Local tetanus in cats: The influence of neuromuscular activity on spinal distribution of 125I labelled tetanus toxin
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The “muscle pump” hypothesis of Ponomarew and Wright has been reexaminated with 125I labelled tetanus toxin in cats. The same amount of toxin was injected into either gastrocnemius muscle.
On direct stimulation of one gastrocnemius muscle, a higher amount of radioactivity was found on the stimulated side in the L6-S1 spinal cord half segments and their ventral roots.
If the same experiments were performed with the ventral roots L5-S2 ligated on both sides, no side differences in radioactivity were observed.
On stimulation of one sciatic nerve, an increased radioactivity was found on the stimulated side in the L6-S1 spinal cord half segments.
If the experiments were performed as in 3, but with the ventral roots L5-S2 ligated on both sides, no side difference in radioactivity was observed in the spinal cord.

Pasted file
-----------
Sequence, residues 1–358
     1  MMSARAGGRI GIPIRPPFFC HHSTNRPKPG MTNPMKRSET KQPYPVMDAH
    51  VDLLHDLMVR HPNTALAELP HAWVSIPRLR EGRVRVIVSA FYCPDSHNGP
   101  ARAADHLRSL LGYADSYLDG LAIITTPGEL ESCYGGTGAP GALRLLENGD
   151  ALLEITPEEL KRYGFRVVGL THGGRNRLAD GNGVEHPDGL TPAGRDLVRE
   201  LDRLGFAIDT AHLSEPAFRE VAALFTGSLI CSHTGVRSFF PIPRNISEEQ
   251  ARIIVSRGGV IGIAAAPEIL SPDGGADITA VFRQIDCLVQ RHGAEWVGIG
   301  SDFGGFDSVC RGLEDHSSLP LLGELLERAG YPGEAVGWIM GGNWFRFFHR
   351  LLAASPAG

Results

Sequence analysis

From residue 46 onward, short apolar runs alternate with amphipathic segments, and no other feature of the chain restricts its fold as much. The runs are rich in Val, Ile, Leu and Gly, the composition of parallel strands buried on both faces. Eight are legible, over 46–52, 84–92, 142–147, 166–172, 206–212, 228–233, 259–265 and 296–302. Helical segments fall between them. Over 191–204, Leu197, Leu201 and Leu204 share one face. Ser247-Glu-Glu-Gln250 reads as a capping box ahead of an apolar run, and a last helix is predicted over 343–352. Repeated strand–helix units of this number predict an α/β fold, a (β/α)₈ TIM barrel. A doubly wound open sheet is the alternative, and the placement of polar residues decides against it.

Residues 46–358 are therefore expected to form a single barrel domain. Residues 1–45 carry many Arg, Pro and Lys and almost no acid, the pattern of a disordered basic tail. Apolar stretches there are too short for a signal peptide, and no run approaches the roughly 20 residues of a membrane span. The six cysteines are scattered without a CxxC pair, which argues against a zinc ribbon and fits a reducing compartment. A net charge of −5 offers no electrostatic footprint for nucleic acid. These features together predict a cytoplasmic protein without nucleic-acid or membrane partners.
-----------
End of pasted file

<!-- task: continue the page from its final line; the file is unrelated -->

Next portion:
On stimulation of the peripheral stump of one hamstring nerve, no side difference in radioactivity was observed.
On unilateral orthodromic stimulation of the dorsal roots in curarized animals, a higher radioactivity was found in the ipsilateral spinal cord segments L6-S1.
On unilateral antidromic stimulation of the peripheral stumps of the dorsal roots L6-S1, more radioactivity was found on the stimulated side in the L6-S1 spinal cord half segments.
On bilateral antidromic stimulation of the dorsal roots L6-S1 and unilateral local anesthesia of the sciatic nerve in the hollow of the knee, the radioactivity was found to be lower in the spinal cord half segments of the anesthetized side.
The results provide evidence that in the absence of any muscular activity neural activity per se advances the ascent of tetanus toxin through the ventral roots into the spinal cord.
Key wordsTetanus Toxin Local Tetanus Pharmacokinetics Neural Movement Muscle Pump
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